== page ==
Around the houses Krampus crept like a cat but none of the bad kids were big boned or fat. Only grisly spoiled brats chauffeured from soccer, piano and tennis. The only porker was kind and jolly, a delightful little fatso named Pauly. Krampus would have to make do with a scrawny back talking bastard or two.
Down the chimney no not his style he kicked in the door with a smile. He told the parents what he was about and usually they handed the truants over without a shout. This time was different this time was fun; dad fought with Krampus and told the kids to run. It was odd pops had such moral fiber when the kids had none. Krampus ran off from the fight, laughing and cackling into the night. Children were good but sausage was too and Harry's Hofbrau was open almost until two.
They spilled upon the street couples and gangs and some singles lonely with heartbroken pangs. Krampus was leaving when he heard words spoken hard and desperate. Down a dark alley a date ended poorly. The girls No's changed the monsters mood sorely. With a bound Krampus sprang to see what was the matter. A man meager like a mouse grabbed and pawed at a scared woman's blouse. Krampus now was mad, angry, pissed off, full of fury, he was perturbed. High on Christmas vengeance he made the man bite the curb. Then a swishy switching along with screaming was heard. Once twice the whipping was strong and even like the tide. The villain wouldn't be sitting after the tanning of his hide.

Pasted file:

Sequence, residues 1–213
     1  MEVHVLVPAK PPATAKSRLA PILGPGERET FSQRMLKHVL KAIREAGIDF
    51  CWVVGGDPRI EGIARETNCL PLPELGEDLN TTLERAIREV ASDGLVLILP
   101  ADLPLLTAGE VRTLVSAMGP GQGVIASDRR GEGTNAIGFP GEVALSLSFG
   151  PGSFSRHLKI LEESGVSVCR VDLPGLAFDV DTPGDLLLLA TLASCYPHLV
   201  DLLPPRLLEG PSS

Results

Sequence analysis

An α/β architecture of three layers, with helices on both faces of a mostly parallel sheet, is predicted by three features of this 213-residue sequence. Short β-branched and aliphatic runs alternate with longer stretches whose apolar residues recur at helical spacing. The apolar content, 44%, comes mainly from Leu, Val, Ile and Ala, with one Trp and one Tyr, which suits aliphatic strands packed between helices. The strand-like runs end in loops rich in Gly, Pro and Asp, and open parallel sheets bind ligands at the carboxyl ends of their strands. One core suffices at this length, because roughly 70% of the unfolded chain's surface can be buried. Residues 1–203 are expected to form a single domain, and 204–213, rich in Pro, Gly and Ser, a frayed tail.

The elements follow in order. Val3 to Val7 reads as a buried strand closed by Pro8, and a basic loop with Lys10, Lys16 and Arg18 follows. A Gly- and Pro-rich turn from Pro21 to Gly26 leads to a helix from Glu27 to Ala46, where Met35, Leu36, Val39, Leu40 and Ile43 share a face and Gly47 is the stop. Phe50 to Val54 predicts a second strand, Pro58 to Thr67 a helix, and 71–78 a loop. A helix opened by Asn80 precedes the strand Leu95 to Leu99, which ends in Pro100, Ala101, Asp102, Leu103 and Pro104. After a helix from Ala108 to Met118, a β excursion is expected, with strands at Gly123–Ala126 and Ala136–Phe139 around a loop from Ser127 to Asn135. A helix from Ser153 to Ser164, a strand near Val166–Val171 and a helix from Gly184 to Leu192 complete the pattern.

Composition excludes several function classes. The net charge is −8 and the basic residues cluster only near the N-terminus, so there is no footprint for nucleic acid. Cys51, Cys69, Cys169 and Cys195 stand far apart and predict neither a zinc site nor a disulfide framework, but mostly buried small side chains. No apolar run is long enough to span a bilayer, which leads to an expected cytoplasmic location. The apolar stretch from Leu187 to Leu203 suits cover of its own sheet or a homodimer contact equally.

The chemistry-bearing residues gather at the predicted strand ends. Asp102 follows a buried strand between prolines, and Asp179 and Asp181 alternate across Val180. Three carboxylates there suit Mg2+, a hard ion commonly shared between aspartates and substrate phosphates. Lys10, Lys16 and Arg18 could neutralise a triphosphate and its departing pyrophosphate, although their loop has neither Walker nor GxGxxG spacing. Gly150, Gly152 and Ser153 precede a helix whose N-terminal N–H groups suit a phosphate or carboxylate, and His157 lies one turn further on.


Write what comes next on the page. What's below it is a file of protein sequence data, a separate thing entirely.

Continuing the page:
Long after the beating he left with the lady, clinging to his arm. She laughed and was happy despite herself from Krampus's charm. Leaving her at her doorstep but asked to call again, nothing serious just to check on his new friend.
Some hours later Krampus ripped off the door, being quiet as he could; listening for the Sargent’s snore. Krampus crept out on a soft padded foot; but sometimes with a cloppy clop coming from his hoof. His jail break was a success no thanks to old fat Saint Nick. He may have been his partner but sometimes he was a prick. Krampus worked home sneaking all the way, Get back to his little house a few hours before light of day.
Miss Teacher had been bad and Krampus had the cure. It was a punishment she would enjoy, of that be sure. It wasn't the date she envisioned after Krampus saved her at the bar, but it was one she liked more by far.
The peacock pie had been served to all when Krampus stormed the hall. He battered the house keep and flattened th’ Lord of Misrule. All the fancy dinners would remember this Yule. He grabbed a banker and gave him the lash. Buggering his wife with a rod made of ash.
When all the nice banners lay broken and torn, Krampus flew away his welcome growing worn. Hooting and hollering a menacing "Grus vom Krampus" into the night!